Mike Munyaradzi was born at Tengenenge in Guruve, Zimbabwe on the 1st of February 1967. After finishing his secondary education in Zengeza - at the same time being an apprentice of his father, the late Henry Munyaradzi, he enrolled at Manchester Metropolitan University in U.K. and graduated with a degree in Computer Software Engineering in 1995. He graduated with a Commercial Pilot Licence from Guthrie Aviation in 1996.

In 1998 after the death of his father, Mike Munyaradzi took sculpting more seriously than before. It was the most difficult time for he had to deal with his father's death and also continue sculpting in his own new style different from his father's.

In 2002 he decided to be a full time sculptor and resigned from the national airline. Ever since the resignation Mike Munyaradzi has grown from strength to strength in the world of Zimbabwean stone sculpture. He has travelled to many countries conducting workshops. He has also participated in a number of group exhibitions world wide.

Edward Chiwawa (1st Generation, *1935)

Edward Chiwawa was born in the Guruve district of Zimbabwe in 1935. He began sculpting in 1970 in Guruve, form here he brought his sculptures to The Artist Community Tengenge to be exhibited and sold from there.

Edward Chiwawa lives in the workers' suburb of Chitungwiza, 10 miles south of the Zimbabwe capital Harare. Close to Fanizani Akuda. He was awarded first prize at an exhibiton in 1986 in Budapest Hungary. Edward Chiwawa has a very close relationship with the Munyaradzi family.

Colleen Madamombe (2nd Generation, 1964-2009)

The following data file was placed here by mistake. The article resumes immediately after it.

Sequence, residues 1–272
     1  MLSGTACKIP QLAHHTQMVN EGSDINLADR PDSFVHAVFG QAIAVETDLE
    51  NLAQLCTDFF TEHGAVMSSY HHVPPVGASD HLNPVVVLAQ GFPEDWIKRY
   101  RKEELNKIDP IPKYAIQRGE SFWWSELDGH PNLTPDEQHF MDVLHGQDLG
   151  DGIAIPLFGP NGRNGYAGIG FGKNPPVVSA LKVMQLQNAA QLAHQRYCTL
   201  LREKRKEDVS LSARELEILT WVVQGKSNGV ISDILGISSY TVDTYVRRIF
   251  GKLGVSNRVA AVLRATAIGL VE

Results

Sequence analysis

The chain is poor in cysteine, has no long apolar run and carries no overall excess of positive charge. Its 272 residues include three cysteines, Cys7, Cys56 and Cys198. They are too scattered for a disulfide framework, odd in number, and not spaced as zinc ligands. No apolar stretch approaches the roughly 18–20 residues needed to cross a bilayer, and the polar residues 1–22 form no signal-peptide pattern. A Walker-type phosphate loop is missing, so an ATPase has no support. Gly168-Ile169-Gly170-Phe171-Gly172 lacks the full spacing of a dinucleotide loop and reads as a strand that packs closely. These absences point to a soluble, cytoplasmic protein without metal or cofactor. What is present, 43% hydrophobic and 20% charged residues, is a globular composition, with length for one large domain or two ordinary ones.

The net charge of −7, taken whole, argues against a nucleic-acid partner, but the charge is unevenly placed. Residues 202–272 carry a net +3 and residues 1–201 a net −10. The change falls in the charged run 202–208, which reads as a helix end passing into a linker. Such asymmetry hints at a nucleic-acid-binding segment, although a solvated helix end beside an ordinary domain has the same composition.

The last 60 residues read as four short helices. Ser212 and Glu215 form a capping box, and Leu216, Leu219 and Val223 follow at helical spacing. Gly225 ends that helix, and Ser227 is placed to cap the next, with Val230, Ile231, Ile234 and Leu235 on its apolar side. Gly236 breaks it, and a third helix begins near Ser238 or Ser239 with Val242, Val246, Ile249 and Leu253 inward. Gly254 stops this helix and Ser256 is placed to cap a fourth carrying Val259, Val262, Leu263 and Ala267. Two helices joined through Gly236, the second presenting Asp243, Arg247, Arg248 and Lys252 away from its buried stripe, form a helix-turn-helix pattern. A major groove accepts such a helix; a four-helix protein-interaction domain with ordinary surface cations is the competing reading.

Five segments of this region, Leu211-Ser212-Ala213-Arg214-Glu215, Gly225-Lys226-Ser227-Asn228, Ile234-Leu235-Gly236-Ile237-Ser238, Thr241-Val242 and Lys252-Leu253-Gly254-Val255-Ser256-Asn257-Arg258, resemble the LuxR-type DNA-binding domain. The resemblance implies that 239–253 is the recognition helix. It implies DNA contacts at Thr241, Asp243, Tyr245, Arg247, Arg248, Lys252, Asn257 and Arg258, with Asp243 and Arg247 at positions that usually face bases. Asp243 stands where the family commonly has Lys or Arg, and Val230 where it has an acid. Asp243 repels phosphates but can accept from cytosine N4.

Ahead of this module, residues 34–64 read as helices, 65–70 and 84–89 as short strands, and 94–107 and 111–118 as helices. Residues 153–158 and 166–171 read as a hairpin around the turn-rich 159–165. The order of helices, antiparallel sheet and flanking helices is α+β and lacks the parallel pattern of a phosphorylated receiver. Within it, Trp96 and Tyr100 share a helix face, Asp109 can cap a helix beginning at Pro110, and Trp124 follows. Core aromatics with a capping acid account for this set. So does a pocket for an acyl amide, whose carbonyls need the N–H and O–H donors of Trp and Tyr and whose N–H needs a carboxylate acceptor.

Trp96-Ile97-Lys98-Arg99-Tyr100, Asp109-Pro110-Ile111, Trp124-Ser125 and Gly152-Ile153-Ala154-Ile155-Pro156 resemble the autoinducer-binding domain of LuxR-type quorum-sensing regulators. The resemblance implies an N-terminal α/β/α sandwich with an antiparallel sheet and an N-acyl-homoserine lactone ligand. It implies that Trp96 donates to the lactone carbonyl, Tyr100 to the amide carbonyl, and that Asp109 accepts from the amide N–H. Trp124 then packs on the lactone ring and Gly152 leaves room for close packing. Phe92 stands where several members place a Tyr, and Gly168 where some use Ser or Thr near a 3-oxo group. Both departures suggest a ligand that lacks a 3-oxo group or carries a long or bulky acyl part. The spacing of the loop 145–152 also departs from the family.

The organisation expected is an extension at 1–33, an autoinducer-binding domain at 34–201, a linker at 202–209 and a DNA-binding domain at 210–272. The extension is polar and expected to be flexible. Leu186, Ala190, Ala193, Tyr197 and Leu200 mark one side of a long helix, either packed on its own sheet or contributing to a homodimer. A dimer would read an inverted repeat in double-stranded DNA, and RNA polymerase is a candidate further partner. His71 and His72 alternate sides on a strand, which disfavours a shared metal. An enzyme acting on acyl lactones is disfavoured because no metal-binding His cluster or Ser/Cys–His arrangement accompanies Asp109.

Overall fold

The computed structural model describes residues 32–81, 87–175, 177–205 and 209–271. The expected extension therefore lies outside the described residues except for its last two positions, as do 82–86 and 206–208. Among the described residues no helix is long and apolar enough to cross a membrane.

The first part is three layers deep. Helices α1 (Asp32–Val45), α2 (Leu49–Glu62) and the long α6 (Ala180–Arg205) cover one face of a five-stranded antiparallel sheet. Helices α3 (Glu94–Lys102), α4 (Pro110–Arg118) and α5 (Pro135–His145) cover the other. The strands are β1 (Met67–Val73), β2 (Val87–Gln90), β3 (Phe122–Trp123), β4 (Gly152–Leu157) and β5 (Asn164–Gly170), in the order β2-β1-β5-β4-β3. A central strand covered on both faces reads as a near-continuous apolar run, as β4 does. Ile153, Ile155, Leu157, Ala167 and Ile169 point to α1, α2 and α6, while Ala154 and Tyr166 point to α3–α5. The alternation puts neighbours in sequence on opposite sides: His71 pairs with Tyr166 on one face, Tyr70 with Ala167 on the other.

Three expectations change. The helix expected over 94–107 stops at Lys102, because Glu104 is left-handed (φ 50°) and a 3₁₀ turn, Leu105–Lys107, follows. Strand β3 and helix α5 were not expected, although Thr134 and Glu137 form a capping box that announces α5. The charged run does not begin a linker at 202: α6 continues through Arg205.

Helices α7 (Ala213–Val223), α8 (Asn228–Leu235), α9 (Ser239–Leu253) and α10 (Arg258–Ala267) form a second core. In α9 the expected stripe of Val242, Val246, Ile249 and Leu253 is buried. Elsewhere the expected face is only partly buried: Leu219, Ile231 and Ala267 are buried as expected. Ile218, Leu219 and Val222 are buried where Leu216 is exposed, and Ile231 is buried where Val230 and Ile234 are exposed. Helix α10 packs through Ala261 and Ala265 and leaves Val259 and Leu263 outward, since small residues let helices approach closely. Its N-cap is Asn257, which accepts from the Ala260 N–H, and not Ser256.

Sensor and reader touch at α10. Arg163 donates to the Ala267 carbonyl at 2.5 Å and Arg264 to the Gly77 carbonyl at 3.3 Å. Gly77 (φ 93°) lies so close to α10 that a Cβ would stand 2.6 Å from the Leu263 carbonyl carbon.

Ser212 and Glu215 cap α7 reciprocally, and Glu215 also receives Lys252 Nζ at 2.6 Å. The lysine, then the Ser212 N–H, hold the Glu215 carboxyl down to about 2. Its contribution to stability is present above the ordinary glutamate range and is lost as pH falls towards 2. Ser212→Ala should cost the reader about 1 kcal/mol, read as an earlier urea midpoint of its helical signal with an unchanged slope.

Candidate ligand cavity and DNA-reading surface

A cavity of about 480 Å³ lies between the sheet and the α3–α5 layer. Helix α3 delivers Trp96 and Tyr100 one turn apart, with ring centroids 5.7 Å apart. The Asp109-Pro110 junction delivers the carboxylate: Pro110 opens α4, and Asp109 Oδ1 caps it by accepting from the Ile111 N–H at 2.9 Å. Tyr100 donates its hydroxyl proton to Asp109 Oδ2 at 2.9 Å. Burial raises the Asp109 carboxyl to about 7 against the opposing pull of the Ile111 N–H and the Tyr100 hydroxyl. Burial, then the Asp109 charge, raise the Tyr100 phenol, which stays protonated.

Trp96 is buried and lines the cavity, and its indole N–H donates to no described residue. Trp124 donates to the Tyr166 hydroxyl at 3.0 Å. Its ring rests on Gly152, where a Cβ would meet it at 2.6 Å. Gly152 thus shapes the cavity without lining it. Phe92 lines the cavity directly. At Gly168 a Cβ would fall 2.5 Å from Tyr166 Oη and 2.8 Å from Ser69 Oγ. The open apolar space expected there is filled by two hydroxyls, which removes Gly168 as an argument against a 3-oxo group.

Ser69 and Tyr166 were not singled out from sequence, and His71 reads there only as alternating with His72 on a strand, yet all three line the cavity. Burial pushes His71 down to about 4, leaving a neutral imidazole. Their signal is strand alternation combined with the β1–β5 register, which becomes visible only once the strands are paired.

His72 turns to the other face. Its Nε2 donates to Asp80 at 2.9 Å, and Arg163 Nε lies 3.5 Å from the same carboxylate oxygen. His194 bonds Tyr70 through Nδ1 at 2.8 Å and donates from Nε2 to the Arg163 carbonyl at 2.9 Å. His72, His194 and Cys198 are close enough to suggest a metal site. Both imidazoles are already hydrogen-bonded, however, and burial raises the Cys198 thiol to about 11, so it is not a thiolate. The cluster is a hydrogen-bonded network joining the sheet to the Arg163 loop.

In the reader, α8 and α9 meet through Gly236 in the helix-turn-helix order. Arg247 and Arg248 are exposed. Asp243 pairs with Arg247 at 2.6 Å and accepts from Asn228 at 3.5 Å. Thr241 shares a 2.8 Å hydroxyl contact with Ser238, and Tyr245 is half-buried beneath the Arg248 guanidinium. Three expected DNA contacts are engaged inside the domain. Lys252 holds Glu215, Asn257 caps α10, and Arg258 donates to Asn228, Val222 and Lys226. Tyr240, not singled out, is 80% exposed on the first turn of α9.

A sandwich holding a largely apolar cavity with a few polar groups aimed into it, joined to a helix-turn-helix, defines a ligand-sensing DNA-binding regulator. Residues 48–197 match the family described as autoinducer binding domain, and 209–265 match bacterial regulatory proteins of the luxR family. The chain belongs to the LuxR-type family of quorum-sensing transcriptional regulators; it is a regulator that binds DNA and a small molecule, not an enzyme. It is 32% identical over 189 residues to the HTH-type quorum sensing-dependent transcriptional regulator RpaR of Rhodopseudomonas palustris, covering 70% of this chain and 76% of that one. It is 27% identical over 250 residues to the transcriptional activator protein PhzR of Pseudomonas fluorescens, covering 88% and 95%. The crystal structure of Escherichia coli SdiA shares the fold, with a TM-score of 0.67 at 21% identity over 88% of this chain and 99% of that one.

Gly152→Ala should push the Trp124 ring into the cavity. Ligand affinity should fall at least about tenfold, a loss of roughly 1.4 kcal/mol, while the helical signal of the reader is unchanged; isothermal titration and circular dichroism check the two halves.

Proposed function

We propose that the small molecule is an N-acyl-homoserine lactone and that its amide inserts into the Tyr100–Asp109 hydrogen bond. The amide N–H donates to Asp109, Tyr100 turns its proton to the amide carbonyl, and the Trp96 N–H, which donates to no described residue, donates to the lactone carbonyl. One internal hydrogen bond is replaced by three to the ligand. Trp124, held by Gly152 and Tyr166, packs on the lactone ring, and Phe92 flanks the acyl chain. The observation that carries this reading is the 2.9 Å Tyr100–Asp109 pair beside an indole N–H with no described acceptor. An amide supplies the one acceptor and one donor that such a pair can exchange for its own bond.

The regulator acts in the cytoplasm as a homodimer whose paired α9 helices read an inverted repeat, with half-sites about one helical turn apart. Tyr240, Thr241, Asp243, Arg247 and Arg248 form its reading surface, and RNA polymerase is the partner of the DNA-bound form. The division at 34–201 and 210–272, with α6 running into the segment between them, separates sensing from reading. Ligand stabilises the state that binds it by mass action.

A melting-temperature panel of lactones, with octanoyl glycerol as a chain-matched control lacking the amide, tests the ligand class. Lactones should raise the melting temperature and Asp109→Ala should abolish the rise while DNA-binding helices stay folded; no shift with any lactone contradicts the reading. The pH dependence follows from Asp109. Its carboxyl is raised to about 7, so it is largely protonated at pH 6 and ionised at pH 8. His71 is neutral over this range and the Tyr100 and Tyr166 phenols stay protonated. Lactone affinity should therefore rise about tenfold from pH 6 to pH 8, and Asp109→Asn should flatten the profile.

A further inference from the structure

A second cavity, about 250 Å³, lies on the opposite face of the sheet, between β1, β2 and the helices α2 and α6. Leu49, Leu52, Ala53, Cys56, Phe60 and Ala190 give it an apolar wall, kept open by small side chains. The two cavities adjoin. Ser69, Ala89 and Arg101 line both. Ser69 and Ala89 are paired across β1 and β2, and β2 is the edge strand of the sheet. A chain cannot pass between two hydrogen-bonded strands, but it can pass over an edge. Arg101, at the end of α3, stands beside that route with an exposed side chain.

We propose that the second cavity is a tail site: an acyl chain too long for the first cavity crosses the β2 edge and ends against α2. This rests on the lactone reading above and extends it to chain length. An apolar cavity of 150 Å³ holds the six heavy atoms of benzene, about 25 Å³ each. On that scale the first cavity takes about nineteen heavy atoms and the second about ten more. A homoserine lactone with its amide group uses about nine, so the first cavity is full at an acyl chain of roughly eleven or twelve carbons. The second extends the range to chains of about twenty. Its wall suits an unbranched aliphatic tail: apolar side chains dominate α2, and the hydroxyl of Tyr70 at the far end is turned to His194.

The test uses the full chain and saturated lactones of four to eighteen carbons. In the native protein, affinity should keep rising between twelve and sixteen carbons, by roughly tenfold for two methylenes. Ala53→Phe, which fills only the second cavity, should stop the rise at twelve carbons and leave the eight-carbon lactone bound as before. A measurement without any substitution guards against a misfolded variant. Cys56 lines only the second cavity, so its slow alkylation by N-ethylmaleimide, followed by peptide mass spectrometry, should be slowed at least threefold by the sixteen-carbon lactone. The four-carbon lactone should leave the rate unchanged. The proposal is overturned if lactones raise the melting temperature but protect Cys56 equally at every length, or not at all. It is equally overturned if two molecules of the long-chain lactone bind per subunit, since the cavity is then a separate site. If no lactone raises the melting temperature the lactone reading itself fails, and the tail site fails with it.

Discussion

Colleen Madamombe was born in 1964 and has achieved an extraordinary level of success for a woman sculptor in Zimbabwe, traditionally a male dominated art form. Her work deals with the role of women in Zimbabwean society, often addressing the changing role of the woman in modern African life. Her trademark female figures are known the world over. Colleen is very much aware of her role as a woman sculptor of renown, and keeps up challenging other young female artists to pursue a career like her own. As she says in an interview in July, 2004: 'I ask of you women to work as sculptors as well as the men. But I know it is difficult, if you are married. Most men do not want their wives to be sculptors in their own right. I myself was married, and my husband was a sculptor himself, but now I am divorced, providing for my 7 children. But it is all right.' Her sculptures, which are always depicting proud African women, speaks directly to everybody, not least women in the rural areas of Zimbabwe, who immediately identify themselves with them, thus creating a direct link between great art and people of the countryside of Zimbabwe.

Enos Gunja (1st Generation, *1949)

Enos Gunja was born in 1949 in Guruve, where he still lives.
Early in his life he discovered his talent for sculpting and joined the Tengenenge Sculptors' Community in 1967. He says his ideas come from his imagination and dreams. "The figure is taken out of the stone where it lies like a figure wrapped in a blanket. It is not seen by anyone, like a figure in a pool, until it is taken out starting from the top of the head until the feet are revealed."

His sculptures are often grotesque with bulging eyes and beaklike mouths, maybe with the nose missing or divided into horns. Or like the armless sculpture called "Where are my arms?" Other sculptures are serene and natural with soft rounded out curved elements.

In 1982 he left sculpting to work as a hospital cook in Guruve, a position he still holds. However he still sculpts, whenever he can find the time for it.

Wonder Luke (2nd Generation)

Wonder Luke lives near Tengenenge and works from there creating his fantastic heads of Chinese queens, somebody holding his or her head in the hand, and so on. His art is of the type where you explore the same subject matter again and again, and always in a new strong way- faces and heads expressing themselves in a very outspoken style, which captures your imagination.